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  • Print publication year: 2015
  • Online publication date: November 2017

Spain

from Europe

Summary

LEGAL FRAMEWORK AND BACKGROUND

In 2007, Spain introduced a new statute-based system for permitting individuals to obtain legal recognition of their preferred name and gender. Act 3/2007 of 15 March, which regulates the amendment of one's gender marker in the Civil Registry, allows a person whose gender identity does not match his or her assigned legal gender to modify the gender marker in the Civil Registry and change his or her name, provided that certain requirements have been met. The Act was passed during a period of left-wing, liberal reforms in Spain's family law, including the legalisation of same-sex marriage and the establishment of a regime of unrestricted divorce.

Prior to 2007, in the absence of statutory regulation, courts had already begun to permit individuals to obtain legal gender recognition. However, this recognition could only be granted by a court. According to the jurisprudence of the Spanish Supreme Court, whose leading case in this period dates back to 1987, ‘transgenderism’ was defined as a psychological pathology consisting in ‘an overwhelming feeling of belonging to the opposite sex, a rejection of one's own sex, and an obsessive desire to change the genital morphology’. The Supreme Court's decisions established a series of conditions which applicants for legal gender recognition were required to satisfy. Applicants were required to submit to hormone treatment and undergo gender confirmation surgeries (whether or not desired). These medical interventions were intended to suppress secondary sexual characteristics, remove primary sex characteristics and implant artificial sexual organs corresponding to those sex characteristics associated with the applicant's preferred gender. Although the Supreme Court allowed for the recognition of preferred gender (on the basis that the applicant suffered from a psychological disorder and had altered his or her physical body), the Court nevertheless maintained that such recognition was, in reality, ‘a legal fiction’. Therefore, it did not result in the individual obtaining recognition for all legal purposes. The extent of the ‘fiction’ would be determined on a case-by-case basis. In particular, marriage with a person of the same ‘chromosomal sex’ remained prohibited.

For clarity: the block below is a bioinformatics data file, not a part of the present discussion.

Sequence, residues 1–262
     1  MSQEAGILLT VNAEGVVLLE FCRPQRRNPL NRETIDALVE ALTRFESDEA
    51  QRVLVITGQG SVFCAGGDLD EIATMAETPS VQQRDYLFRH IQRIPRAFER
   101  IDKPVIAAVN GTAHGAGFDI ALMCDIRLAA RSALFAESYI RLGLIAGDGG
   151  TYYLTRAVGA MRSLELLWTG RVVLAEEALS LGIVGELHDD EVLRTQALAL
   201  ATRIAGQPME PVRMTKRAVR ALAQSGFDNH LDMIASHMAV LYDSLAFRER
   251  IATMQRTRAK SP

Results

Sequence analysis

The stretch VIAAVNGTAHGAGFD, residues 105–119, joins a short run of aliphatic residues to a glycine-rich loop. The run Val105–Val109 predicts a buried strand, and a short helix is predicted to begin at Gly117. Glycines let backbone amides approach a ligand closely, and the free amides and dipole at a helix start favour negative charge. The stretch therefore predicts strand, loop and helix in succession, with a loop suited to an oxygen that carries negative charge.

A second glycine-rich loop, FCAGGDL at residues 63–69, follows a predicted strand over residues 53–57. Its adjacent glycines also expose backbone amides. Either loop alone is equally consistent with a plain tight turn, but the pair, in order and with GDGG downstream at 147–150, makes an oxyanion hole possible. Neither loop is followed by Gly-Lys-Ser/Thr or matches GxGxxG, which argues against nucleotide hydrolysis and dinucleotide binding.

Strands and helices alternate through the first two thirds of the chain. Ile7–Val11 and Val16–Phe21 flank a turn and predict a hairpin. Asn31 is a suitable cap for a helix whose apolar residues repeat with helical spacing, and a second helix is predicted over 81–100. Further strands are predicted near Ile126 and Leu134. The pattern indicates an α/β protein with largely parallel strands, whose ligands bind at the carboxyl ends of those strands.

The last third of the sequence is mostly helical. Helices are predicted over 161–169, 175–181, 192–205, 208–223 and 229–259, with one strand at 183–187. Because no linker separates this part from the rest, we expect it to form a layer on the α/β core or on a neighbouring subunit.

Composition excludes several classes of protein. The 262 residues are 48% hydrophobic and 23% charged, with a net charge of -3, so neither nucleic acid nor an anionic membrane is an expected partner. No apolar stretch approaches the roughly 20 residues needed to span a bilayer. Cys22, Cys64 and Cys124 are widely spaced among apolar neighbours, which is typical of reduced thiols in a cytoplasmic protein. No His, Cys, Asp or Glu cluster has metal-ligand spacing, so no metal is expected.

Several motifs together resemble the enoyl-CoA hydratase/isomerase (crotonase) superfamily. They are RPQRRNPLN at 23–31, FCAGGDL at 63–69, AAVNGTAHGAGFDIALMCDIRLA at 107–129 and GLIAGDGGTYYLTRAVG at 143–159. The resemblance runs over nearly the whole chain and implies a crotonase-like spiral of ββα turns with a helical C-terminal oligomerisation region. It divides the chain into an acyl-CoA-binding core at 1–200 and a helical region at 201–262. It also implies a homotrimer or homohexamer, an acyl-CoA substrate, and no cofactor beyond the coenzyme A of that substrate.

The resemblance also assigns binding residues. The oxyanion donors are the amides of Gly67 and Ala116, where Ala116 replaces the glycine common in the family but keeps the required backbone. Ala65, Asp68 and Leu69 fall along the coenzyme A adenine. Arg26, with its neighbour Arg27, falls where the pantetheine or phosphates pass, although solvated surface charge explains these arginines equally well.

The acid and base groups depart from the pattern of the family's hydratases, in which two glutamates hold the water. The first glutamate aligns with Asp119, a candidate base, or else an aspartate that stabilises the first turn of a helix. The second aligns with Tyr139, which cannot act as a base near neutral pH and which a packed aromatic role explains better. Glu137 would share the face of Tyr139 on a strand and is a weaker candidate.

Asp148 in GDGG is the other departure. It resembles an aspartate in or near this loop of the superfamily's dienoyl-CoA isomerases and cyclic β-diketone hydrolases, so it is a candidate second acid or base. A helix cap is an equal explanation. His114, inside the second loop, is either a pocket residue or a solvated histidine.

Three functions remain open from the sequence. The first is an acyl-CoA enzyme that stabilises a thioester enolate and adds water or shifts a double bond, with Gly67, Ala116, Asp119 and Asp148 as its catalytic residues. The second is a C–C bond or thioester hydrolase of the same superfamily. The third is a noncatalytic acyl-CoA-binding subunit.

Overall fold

Before Act 3/2007, the Supreme Court's case law had already been partly challenged by a number of lower court decisions. Lower courts did not always require full gender confirmation surgery, especially where the applicant for gender recognition was a female-to-male (FtM) transgender individual.